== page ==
In the largest labor strike since the invasion of Iraq, ports along the West Coast — all twenty-nine of them — were shut down as some 25,000 dockworkers went on a one-day strike to protest the war. We speak to Jack Heyman of the International Longshore and Warehouse Union. [includes rush transcript]
This is a rush transcript. Copy may not be in its final form.
AMY GOODMAN: We’re going to turn very quickly now to the protests that took place here on Thursday to mark May Day. There were — in the largest labor strike since the invasion of Iraq, ports along the West Coast, all twenty-nine of them, were shut down as some 25,000 dockworkers went on a one-day strike to protest the war. Several other smaller antiwar actions took place in other parts of the country. Meanwhile, tens of thousands of marchers in defense of immigrant labor rights in several cities, including Los Angeles, Chicago, Milwaukee, New York, Washington, D.C., San Francisco, Houston, Seattle and here in San Diego, took to the streets.
We’re going to turn now to the dockworkers’ strike, where the workers from the International Longshore and Warehouse Union brought the port operations to a halt from Long Beach to Seattle in defiance of their employers and arbitrators.
We’re joined on the phone from San Francisco by Jack Heyman, an officer with the International. Welcome to Democracy Now!, Jack Heyman. Can you talk about the significance of what happened yesterday?
JACK HEYMAN: Well, yeah. We were really proud here on the West Coast, as far as the longshore union, the ILWU, making this stand, because it’s part of our legacy, really, of standing up on principled issues. And this, I think, is the first strike ever — well, I would call it a stop work, work stoppage, whatever you want — workers withholding their labor in demand — and demanding an end to the war and immediate withdrawal of the troops.
AMY GOODMAN: What about the significance of the arbitrator saying that the longshoremen should not go out on strike?
JACK HEYMAN: Well, you know, the interesting thing about this action is that not only did we defy the arbitrator, but in a certain sense we defied our own union officials. The union officials did not want to have the actions that we organized up and down the coast. And the arbitrator’s decision is simply — we don’t take our orders from the arbitrators. We don’t take it from judges. The rank and file goes out and does what it has to do.
We did that in 1984, when the ship came in from South Africa, the Nedlloyd Kimberley. We refused to work that ship for, I think it was ten or eleven days. And that was in defiance of what an arbitrator said and also against what our union officials were telling us.
So we’ve got a strong tradition in the ILWU of rank-and-file democracy, workers’ democracy, where we implement what we decide in a democratic fashion. And our action took place based on a motion that came out of our caucus, which is like a convention of all longshoremen represented up and down the coast. And we decided to stop work to stop this war, and that’s what was carried out.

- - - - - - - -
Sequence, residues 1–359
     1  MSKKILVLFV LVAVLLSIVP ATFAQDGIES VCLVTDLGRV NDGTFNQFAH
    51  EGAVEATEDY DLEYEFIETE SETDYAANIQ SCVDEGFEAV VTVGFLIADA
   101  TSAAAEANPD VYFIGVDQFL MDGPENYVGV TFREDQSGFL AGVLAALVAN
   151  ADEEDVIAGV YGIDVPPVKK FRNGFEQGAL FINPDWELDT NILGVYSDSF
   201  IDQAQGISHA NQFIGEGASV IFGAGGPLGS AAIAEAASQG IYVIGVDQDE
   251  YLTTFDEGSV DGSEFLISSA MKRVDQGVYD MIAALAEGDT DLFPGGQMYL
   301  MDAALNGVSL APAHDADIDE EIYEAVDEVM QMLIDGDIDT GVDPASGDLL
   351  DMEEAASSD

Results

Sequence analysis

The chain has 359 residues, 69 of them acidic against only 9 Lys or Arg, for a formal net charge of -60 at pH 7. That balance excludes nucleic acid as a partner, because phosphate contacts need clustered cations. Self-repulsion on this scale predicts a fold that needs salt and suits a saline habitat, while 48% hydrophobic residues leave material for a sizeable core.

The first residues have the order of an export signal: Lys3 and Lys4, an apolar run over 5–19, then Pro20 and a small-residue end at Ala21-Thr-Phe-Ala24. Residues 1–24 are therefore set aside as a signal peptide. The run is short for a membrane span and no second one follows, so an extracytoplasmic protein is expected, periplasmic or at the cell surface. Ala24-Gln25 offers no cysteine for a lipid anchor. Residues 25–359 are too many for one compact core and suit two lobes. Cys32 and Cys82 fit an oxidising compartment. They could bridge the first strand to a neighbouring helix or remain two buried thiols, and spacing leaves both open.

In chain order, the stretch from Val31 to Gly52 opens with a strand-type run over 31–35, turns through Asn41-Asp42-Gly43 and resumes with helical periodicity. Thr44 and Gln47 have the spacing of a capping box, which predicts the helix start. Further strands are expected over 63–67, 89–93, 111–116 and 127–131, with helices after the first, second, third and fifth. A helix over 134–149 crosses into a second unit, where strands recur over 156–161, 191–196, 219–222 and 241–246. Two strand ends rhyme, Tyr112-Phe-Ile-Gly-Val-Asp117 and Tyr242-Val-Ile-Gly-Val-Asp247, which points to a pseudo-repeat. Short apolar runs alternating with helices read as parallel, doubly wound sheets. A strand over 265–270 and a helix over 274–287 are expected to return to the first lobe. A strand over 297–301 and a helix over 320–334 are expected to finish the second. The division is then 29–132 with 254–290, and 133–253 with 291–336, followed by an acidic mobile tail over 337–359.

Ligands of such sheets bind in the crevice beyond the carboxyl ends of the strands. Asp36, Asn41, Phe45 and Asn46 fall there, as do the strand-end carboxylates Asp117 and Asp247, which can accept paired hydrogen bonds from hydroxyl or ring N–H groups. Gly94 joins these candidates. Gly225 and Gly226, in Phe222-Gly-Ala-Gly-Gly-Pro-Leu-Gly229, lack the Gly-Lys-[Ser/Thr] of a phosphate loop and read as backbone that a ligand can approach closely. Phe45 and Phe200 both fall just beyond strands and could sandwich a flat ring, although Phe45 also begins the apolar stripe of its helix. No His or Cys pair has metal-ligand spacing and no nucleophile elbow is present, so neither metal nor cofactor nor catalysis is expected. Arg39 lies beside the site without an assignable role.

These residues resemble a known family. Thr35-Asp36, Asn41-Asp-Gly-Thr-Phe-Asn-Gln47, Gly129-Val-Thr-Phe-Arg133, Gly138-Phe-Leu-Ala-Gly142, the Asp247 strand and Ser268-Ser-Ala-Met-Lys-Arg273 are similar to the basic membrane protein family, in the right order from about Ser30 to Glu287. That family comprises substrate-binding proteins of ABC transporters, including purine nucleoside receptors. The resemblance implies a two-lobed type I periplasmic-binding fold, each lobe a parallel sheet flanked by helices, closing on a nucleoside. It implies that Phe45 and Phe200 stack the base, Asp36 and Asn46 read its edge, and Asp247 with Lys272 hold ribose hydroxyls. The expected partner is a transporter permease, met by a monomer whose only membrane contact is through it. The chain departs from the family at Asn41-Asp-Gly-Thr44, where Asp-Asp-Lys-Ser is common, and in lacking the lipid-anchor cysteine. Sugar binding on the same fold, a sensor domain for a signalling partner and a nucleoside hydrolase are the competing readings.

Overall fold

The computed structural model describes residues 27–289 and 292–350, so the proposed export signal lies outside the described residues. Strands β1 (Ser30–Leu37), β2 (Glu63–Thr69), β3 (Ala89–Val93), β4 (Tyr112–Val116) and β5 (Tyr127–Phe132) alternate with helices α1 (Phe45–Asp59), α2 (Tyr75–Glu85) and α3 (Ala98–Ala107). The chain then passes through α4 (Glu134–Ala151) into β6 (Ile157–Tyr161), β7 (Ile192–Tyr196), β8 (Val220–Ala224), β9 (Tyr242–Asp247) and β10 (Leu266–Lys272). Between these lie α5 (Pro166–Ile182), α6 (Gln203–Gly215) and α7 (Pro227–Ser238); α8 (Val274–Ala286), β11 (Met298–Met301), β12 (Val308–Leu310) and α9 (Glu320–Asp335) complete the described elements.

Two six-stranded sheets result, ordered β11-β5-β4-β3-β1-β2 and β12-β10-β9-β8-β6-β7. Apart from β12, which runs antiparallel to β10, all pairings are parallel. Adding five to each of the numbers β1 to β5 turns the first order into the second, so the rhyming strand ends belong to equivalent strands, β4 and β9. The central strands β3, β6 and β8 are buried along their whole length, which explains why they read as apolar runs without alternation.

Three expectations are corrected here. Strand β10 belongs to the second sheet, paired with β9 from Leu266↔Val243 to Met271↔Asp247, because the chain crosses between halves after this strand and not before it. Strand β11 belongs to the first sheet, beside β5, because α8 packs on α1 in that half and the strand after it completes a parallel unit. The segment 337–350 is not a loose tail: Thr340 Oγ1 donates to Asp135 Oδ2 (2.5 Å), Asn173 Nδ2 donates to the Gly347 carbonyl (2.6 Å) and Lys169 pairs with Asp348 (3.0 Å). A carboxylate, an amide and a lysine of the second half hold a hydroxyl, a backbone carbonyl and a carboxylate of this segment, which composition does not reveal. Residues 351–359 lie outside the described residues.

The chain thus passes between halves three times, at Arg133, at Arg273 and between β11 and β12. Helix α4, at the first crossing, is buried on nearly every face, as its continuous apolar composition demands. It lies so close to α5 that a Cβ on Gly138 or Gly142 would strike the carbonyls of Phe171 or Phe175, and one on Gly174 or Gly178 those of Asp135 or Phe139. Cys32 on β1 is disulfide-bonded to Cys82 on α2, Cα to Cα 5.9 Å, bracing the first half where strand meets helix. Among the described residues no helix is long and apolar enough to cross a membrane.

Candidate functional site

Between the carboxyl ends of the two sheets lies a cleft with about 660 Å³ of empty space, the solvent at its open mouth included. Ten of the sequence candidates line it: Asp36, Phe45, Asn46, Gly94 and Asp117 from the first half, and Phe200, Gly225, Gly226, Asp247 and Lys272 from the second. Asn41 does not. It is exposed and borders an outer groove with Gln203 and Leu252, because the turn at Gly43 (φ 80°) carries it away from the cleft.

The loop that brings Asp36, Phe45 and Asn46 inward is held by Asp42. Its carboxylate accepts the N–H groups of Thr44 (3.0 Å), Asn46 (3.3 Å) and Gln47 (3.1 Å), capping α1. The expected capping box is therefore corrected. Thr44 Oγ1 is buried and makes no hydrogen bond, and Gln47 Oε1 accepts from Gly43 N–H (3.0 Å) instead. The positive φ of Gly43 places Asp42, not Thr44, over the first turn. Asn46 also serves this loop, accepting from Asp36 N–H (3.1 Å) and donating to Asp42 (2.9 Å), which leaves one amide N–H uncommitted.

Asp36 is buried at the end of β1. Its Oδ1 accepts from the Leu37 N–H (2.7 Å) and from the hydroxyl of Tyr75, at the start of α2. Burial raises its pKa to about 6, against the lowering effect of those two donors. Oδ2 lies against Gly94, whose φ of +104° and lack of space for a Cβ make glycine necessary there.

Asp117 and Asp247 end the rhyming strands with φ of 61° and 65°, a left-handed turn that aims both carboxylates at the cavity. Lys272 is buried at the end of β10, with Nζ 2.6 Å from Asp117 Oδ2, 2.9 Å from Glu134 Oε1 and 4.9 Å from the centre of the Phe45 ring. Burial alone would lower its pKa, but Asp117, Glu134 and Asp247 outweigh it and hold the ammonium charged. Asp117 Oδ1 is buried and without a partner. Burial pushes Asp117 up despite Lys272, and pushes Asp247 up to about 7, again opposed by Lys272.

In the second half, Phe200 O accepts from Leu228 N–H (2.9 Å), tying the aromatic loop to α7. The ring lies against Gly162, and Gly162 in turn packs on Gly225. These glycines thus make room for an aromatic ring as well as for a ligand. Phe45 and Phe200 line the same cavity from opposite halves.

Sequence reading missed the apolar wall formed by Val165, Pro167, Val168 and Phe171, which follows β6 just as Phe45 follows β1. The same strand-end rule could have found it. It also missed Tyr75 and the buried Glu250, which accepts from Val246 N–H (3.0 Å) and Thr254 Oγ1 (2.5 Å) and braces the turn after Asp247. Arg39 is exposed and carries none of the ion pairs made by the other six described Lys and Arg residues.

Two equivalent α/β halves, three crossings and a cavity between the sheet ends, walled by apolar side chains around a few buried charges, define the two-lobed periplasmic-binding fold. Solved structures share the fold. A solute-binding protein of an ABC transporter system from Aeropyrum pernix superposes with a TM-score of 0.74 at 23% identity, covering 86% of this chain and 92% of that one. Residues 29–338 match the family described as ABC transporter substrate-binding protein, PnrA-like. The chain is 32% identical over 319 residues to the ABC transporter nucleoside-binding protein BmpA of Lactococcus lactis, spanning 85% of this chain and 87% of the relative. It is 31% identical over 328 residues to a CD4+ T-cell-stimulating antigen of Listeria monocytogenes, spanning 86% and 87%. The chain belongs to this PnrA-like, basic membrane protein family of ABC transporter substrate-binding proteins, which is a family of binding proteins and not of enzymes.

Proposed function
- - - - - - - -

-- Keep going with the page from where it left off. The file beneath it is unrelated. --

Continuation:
AMY GOODMAN: The action within Iraq in solidarity with your strike, can you talk about that?
JACK HEYMAN: Well, I think that really was the icing on the cake, because we were appealing for solidarity actions. And I know there was some actions in New York with the college teachers at a New York community college and teach-ins with students and so forth; there were postal workers that had a few moments of silence, a few minutes of silence in New York, Greensboro, North Carolina, and out here in the Bay Area; but really, the most stunning solidarity came from the port workers in Iraq, who struck in solidarity with us. And that was really a very courageous move, because they’re literally under the gun of a military occupation there.
AMY GOODMAN: What are your plans now?
JACK HEYMAN: Well, what this action was was raising the level of struggle from protest to resistance, and we’re hoping that these kinds of actions will resonate to other unions and workers.
It’s already catching on with some of the port truckers. Actually, they’ve been doing actions for quite awhile. While it’s not mainly based on the war — I think they’re very much affected by the high price of fuel — they’ve been shutting down ports over that issue, but also immigrant rights, because many of them are immigrant workers.
And I hope that this will be an example to other workers that we have the power, we’ve got to use it. And that’s how we can bring this war to a halt.
AMY GOODMAN: Well, I want to thank you very much, Jack Heyman, for joining us from San Francisco, an officer of the International Longshore and Warehouse Union.